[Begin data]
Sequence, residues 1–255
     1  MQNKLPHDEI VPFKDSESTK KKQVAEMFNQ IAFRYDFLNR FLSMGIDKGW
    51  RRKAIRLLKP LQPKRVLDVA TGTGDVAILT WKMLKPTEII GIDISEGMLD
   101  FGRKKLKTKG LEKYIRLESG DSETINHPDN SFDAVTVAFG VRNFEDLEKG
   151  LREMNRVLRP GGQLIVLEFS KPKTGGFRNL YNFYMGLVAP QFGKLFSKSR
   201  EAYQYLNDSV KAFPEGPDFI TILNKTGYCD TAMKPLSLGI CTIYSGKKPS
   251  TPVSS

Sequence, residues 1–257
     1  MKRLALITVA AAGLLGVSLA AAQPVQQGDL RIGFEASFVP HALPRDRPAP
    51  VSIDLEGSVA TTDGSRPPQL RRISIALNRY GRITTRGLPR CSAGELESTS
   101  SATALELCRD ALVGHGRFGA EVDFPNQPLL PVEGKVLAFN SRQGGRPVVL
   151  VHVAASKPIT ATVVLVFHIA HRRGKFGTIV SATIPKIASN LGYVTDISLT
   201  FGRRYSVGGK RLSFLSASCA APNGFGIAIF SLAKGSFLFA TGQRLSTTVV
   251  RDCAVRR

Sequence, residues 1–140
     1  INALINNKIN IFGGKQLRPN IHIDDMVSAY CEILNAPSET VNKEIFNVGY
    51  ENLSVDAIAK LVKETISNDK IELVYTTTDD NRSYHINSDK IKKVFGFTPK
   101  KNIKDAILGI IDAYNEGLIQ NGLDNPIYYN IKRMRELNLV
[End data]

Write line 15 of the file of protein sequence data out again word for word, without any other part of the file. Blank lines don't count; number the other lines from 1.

Sequence, residues 1–140